Flexible Thick-Film Electrochemical Sensors: Impact of Mechanical Bending and Stress on the Electrochemical Behavior
The influence of the mechanical bending, rolling and crimping of flexible screen-printed electrodes upon their electrical properties and electrochemical behavior has been elucidated. Three different flexible plastic substrates, Mylar, polyethylene naphthalate (PEN), and Kapton, have been tested in connection to the printing of graphite ink working electrodes. Our data indicate that flexible printed electrodes can be bent to extremely small radii of curvature and still function well, despite a marginal increase the electrical resistance. Below critical radii of curvature of ~8 mm, full recovery of the electrical resistance occurs upon strain release. The electrochemical response is maintained for sub-mm bending radii and a 180° pinch of the electrode does not lead to device failure. The electrodes appear to be resistant to repeated bending. Such capabilities are demonstrated using model compounds, including ferrocyanide, trinitrotoluene (TNT) and nitronaphthalene (NN). These printed electrodes hold great promise for widespread applications requiring flexible, yet robust non-planar sensing devices.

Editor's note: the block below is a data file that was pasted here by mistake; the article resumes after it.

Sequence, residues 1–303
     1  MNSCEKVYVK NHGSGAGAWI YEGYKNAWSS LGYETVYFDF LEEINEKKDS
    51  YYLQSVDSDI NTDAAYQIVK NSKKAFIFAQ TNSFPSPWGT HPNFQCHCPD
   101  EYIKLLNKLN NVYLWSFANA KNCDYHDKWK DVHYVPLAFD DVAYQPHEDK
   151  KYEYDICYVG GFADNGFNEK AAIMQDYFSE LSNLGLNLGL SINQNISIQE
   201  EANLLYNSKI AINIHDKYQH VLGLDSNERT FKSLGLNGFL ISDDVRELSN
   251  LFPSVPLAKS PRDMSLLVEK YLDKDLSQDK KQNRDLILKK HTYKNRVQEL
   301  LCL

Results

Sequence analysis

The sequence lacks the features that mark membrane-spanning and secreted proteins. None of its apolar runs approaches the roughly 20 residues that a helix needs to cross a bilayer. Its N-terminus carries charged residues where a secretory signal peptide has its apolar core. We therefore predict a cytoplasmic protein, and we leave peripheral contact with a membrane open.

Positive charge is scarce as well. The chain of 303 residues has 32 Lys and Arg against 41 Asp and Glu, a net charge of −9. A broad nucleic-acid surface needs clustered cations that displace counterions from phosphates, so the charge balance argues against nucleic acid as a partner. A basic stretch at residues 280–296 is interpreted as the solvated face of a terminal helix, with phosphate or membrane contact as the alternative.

Vogt, Bryan, "Flexible Thick-Film Electrochemical Sensors: Impact of Mechanical Bending and Stress on the Electrochemical Behavior" (2009). Polymer Engineering Faculty Research. 1028.